Book Review: Back from the Edge
Publisher: Cape Catley Ltd
Publication: September 2009
Rob Hewitt was drawn from the water after 75 hours at sea. His skin had begun to separate from his body, his mind was barely holding on — but he survived. People said it was like a miracle. How did he do it, how did he cope? In her book “Back from the Edge,” Psychosynthesis oriented psychotherapist Meg Carbonatto asks this question, both of Rob Hewitt and also fourteen other extraordinary New Zealanders and Australians whose resilience in the face of serious adversity both inspires and instructs.
Her subjects are a diverse bunch of modern day heroes who each in their own way reveals an alchemy by which the slings and arrows of life are transformed. These people have been, or are, faced with serious challenges. Along with Hewitt there is a young Afghan refugee from the Tampa; an Aboriginal member of the “stolen generation”; a woman recovering from the death of her child, the end of her marriage, and cancer; a man dealing with the aftermath of a motorcar accident in which three people die; and a man facing impending death from prostate cancer. Carbonatto devotes a chapter to each.
First she tells the person’s story, encouraging us to identify with their predicaments. Later she identifies and analyses the different capacities of resilience which each person possesses or has developed — goal setting, mindfulness, dis-identification, learned optimism, developing compassion, finding meaning and purpose, forgiveness, surrender, and so on. These are extraordinary people, yes, but the qualities of resilience they exemplify can be developed by all. This is Carbonatto’s thesis in this book of hardship and hope.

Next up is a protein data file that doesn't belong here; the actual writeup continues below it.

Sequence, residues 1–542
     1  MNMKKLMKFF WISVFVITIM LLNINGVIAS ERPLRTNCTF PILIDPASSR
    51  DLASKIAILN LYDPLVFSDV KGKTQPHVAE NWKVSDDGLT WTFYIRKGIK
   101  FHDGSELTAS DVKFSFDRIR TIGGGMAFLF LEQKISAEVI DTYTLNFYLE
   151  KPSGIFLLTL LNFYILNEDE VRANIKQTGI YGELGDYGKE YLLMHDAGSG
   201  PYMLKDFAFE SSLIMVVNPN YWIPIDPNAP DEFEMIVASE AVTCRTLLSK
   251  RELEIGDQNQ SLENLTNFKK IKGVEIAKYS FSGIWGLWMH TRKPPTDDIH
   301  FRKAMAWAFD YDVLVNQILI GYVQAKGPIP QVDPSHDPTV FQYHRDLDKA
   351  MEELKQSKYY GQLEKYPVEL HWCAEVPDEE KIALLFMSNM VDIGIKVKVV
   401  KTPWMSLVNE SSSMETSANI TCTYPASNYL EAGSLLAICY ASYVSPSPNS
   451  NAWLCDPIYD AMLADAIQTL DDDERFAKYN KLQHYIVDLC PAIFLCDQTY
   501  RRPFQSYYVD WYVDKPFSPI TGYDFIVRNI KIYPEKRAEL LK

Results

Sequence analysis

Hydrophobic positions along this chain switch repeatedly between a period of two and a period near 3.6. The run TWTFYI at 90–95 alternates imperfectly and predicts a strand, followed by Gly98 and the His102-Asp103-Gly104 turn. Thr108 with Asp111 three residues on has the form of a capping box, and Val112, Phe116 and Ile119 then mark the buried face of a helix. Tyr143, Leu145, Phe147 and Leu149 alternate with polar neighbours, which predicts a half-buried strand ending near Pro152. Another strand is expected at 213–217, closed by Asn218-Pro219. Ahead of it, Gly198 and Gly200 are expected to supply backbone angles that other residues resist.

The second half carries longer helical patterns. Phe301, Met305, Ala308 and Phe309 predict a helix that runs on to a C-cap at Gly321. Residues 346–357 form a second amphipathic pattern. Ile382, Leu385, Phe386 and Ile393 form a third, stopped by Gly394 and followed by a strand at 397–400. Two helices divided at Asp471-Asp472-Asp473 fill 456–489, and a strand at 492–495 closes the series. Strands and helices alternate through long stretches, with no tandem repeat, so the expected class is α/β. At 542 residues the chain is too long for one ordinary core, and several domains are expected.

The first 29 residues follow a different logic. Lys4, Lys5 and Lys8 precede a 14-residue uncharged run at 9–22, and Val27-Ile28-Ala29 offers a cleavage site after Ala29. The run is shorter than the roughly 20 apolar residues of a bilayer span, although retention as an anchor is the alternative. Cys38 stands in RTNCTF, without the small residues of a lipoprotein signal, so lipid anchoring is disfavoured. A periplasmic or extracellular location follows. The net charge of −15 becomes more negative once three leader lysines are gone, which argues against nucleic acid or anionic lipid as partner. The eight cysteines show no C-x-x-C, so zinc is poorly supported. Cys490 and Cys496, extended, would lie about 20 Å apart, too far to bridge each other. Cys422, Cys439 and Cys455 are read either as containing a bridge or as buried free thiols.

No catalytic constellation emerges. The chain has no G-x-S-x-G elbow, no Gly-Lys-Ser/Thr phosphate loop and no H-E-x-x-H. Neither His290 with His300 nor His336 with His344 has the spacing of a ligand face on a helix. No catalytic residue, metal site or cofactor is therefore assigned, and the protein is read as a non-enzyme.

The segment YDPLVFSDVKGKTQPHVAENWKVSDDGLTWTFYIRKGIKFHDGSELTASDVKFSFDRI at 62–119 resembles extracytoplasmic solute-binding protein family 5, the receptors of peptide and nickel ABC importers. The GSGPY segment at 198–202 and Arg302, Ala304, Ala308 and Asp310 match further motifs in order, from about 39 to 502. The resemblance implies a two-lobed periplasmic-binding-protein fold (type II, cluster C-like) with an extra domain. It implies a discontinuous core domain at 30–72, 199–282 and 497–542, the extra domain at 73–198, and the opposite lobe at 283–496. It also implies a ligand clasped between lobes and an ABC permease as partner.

Roberto Assagioli’s groundbreaking exploration of the functions and development of will is, when not explicit, just below the surface of every page. Resilience, as Carbonatto formulates it, is an expression of will, and will can be refined and strengthened. As well as Assagioli she draws on a wide range of clinical and research findings to help unravel the strategies to survive and thrive, which her subjects embody.
Concluding each chapter is a section entitled, “A takeaway offering. Focusing on the skills and capacities which support resilience and which are revealed in each person’s story, Carbonatto offers simple exercises in dis-identification, finding purpose and meaning, mindfulness, developing compassion etc. Books have been written on each of these subjects and these exercises offer only a taste of the qualities being developed. People seeking further elaboration will find source material in the references at the back.
This book is probably more suited to the general public than those in the helping professions. It is informative and inspiring. It provides a solid first step for people seeking direction in facing serious challenges.
Reviewed By: John Kingston
Buy this book here.